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Rising interest rates are making annuities more attractive to investors, so much so that annuity sales are smashing records set in 2008 during the Great Recession. Annuities, which can provide retirement income, are also becoming an option for workers whose employers aren’t providing pensions.
Total U.S. annuity sales increased 22% to $77.5 billion in the second quarter of 2022, according to preliminary survey results from LIMRA, a financial services trade association. These numbers represent the highest quarterly sales since LIMRA began tracking annuity sales in 2014 — $9 billion above the previous record in the fourth quarter of 2008.
While they may be enjoying a new surge of popularity, the concept of annuities dates back to early Rome, when citizens would make a lump-sum payment to a contract called an annua in exchange for income payments received once a year for the rest of their lives.
Modern-day annuities are more complicated than that, even though they’ve kept the name, and they’re not for everyone. Before considering an annuity, there are some basics you should know, including what annuities are, what options they provide and how safe your money will be.
Read on for those answers and more.
What Is an Annuity?
An annuity is an insurance contract where you, the purchaser, pay an insurance company to invest your money, allowing it to grow tax deferred. In some instances, the annuity later provides a stream of income, according to the contract provisions, which could cover a set length of time or be for life. In this sense, annuities are insurance against outliving your savings because they pay for as long as the contract provides, even if the underlying principal and any earnings have been depleted.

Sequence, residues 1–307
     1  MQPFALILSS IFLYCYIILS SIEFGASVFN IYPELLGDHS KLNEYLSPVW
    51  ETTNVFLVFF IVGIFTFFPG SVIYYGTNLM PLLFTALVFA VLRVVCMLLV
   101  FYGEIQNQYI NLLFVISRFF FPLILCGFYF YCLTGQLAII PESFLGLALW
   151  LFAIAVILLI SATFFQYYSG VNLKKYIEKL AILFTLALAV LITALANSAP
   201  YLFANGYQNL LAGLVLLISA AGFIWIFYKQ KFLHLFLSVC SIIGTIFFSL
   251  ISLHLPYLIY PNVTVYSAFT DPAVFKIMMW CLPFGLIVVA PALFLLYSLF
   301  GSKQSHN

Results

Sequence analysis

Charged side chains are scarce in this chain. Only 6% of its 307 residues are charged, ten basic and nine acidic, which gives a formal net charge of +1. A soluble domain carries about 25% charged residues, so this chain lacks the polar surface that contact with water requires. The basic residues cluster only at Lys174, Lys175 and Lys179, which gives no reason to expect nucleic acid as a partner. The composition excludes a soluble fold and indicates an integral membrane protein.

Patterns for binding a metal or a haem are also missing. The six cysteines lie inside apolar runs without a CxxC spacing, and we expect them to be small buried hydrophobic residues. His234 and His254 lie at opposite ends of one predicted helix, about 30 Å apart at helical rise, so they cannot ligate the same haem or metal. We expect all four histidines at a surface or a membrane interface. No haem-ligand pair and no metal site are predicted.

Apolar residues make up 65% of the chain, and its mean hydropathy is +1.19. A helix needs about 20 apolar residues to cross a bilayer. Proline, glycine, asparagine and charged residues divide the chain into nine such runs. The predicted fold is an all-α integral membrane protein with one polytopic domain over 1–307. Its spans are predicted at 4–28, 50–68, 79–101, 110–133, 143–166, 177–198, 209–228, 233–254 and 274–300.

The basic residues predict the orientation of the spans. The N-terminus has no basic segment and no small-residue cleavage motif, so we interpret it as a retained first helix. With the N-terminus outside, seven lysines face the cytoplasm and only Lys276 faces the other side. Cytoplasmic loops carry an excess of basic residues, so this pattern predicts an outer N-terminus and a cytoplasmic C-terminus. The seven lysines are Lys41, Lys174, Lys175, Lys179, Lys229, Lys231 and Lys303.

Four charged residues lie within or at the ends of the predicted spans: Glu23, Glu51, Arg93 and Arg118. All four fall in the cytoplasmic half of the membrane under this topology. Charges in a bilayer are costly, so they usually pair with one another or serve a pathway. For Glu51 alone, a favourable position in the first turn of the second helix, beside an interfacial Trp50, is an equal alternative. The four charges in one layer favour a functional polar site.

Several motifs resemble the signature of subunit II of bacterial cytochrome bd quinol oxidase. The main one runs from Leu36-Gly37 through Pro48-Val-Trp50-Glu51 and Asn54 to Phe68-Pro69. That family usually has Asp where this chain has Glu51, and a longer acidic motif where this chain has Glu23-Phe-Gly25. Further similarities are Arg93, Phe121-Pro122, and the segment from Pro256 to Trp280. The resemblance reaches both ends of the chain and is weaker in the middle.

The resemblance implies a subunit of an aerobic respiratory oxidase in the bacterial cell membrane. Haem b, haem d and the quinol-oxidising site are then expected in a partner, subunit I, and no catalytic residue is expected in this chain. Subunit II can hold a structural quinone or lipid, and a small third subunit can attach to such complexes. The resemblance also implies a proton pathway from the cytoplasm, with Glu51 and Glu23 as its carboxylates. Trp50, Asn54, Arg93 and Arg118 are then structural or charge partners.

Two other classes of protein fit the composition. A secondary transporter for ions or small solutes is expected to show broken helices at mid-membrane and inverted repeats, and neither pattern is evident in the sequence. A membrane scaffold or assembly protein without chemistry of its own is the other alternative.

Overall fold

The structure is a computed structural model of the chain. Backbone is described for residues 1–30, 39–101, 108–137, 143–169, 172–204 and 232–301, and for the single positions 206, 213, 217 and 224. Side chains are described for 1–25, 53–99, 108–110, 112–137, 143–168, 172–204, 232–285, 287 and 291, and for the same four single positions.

If you have a lifetime annuity and live a long time, you could receive a total far more than whatever you originally put in. However, depending on the terms of the annuity, it’s also possible that you might die before recouping your investment.
Annuities are classified in several different ways, including how they are purchased and how the funds grow. They can also be customized with different contract provisions known as riders. For example, an annuity could include a long-term care rider that increases your payout should you require long-term care. Or a rider could provide for funds from an annuity to go to a beneficiary should the annuity holder die before receiving the funds.
You should keep in mind that these riders cost money, meaning if your annuity pays an income stream, the income payments will be smaller.
In other instances, an annuity may pay a lump sum at a specified date.
Annuities vs CDs: Which Pay More?
Annuity shoppers may be seeking the security of a certificate of deposit, but with a better return. These days, annuities are delivering that.
“Continued equity market declines and rising interest rates drove investors to purchase record-level fixed-rate deferred annuities in the second quarter,” said Todd Giesing, assistant vice president at LIMRA Annuity Research. “Our research shows fixed-rate deferred annuity manufacturers are, on average, offering interest rates more than four times that of a bank CD, which has made these products a tremendous value for investors looking for protection and growth potential.”